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University of Toronto Scarborough
Biological Sciences
Connie Potroff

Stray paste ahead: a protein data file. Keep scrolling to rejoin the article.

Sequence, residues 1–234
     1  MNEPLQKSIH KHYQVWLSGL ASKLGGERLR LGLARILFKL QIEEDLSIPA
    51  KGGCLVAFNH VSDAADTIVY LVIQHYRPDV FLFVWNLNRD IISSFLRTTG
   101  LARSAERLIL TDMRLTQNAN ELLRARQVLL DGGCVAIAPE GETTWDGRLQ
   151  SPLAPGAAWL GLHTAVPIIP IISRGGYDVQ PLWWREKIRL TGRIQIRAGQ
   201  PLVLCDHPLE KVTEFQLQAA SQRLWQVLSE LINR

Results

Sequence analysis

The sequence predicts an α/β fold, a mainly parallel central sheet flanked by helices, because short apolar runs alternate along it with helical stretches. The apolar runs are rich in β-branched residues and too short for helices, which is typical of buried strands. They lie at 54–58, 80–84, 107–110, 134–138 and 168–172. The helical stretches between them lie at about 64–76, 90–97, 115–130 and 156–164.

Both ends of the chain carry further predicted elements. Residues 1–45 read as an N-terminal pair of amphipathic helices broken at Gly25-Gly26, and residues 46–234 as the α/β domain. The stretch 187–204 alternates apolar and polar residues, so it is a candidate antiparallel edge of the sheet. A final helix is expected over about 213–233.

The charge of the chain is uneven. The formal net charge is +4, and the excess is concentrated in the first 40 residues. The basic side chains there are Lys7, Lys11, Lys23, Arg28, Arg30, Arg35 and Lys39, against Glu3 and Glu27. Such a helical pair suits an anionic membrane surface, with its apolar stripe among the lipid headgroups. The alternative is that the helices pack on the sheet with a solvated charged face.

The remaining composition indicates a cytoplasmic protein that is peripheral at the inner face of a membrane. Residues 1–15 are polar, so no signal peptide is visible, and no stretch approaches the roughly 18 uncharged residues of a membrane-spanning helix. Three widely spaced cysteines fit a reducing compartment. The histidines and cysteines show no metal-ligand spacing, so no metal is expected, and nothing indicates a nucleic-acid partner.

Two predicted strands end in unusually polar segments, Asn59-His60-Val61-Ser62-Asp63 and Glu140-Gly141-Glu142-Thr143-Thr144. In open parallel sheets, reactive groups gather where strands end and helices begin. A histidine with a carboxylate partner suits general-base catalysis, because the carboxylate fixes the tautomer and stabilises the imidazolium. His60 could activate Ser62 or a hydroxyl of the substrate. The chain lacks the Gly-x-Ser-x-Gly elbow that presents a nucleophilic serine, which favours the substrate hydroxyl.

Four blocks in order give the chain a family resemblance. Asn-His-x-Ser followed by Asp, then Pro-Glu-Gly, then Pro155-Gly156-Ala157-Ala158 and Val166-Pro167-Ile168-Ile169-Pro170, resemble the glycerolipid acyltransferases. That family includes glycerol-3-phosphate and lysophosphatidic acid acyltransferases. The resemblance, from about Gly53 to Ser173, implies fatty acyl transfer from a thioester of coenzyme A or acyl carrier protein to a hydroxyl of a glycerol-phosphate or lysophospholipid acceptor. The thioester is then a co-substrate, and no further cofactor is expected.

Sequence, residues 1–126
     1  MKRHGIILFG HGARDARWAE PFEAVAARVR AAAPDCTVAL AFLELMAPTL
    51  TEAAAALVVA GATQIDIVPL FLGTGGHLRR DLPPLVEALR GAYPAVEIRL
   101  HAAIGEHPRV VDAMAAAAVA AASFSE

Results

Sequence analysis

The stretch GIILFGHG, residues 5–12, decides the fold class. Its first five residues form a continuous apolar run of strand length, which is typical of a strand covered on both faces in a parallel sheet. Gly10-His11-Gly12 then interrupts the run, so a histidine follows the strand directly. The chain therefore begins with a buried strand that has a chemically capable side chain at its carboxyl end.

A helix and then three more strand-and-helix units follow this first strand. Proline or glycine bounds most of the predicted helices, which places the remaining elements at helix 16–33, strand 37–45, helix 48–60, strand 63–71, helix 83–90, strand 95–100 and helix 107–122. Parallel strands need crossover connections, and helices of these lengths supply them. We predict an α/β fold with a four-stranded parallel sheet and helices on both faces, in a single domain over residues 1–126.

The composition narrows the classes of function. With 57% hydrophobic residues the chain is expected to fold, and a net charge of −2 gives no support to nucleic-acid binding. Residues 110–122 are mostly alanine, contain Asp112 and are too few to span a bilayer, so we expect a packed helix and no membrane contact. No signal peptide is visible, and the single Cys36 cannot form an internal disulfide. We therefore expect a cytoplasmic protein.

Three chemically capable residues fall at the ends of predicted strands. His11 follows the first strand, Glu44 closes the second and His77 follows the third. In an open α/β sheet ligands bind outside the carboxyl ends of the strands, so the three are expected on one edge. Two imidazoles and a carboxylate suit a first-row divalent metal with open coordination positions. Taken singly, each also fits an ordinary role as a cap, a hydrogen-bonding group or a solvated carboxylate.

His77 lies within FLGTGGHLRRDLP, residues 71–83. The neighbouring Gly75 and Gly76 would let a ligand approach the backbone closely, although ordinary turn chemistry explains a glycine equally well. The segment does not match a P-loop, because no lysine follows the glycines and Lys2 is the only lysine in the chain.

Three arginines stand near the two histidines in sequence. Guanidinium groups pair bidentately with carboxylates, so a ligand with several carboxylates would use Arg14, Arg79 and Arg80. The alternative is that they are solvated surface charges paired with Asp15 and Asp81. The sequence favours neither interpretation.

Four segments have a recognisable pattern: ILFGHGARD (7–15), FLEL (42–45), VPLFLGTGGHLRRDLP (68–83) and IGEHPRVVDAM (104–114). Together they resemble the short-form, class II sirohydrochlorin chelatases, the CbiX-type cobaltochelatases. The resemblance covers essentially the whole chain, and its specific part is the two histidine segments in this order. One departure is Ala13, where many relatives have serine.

1 Lecture 1 (based on chapters 1 & 3) Foundations: An Introduction to Anatomy From Chapter 1 Introduction Anatomy The study of internal/external structures The study of the relationship between body parts The careful observation of the human body Physiology The study of how the body functions The study of mechanisms in the body Microscopic anatomy The study of structures that cannot be seen without magnification Cytology—study of cells Histology—study of tissues Macroscopic anatomy The study of structures that can be seen without magnification Surface anatomy: refers to the (study of) superficial anatomical markings Regional anatomy: refers to (study of) all structures in a specific area of the body, whether they are superficial or deep Systemic anatomy: The study of the organ systems of the body (digestive system, cardiovascular system, etc.) Other Perspectives on Anatomy Developmental anatomy: Examines structural changes over time Embryology: The study of early developmental stages Comparative anatomy: Considers different types of animals Levels of Organization Chemical/Molecular (simple) Cell Tissue Organ Organ system Organism (complex) Levels of Organization Chemical/Molecular - Over a dozen elements in the body Four of them make up 99% of the body - Hydrogen, oxygen, carbon, and nitrogen Major classes of compounds – water, carbohydrates, proteins, lipids, nucleic acid Cell - the smallest living unit in the body Tissue - many cells and some surrounding material Organ - Combination of tissues Organ System - Combination of various organs make up a specific system For example: the stomach, small intestine, large intestine, liver, gallbladder, and pancreas make up the © 2012 Pearson Education, Inc. 2 digestive system Humans are composed of 11 organ systems Levels of Organization of Organ Systems Integumentary System Skeletal System Muscular System Nervous System Endocrine System Cardiovascular System Lymphoid System Respiratory System Digestive System Urinary System Reproductive System The Language of Anatomy Superficial Anatomy The terms are typically derived from Latin or Greek Latin or Greek is used because they are descriptive languages Anatomical position The hands are at the side The palms are facing forward All discussion of the human body is in reference to the anatomical position Supine: lying down (face up) in the anatomical position Prone: lying down (face down) in the anatomical position Abdominopelvic quadrants and regions Anatomists and clinicians use specialized regional terms to indicate a specific area of concern within the abdomen or the pelvic regions of the body. The abdomen and pelvic regions can be subdivided into four regions (abdominopelvic quadrants): Right upper quadrant (RUQ) Left upper quadrant (LUQ) Right lower quadrant (RLQ) Left lower quadrant (LLQ) The abdomen and pelvic regions can be subdivided into nine regions (abdominopelvic regions): Epigastric Right hypochondriac Left hypochondriac Umbilical Right lumbar Left lumbar Hypogastric Right inguinal Left inguinal Anatomical directions The most common directional terms used are: Superior Inferior Anterior Posterior Medial Lateral Superficial Deep © 2012 Pearson Education, Inc. 3 See Table 1.2 Regional and Directional Terms Sectional Anatomy There are many different ways to dissect a piece of tissue for further stu
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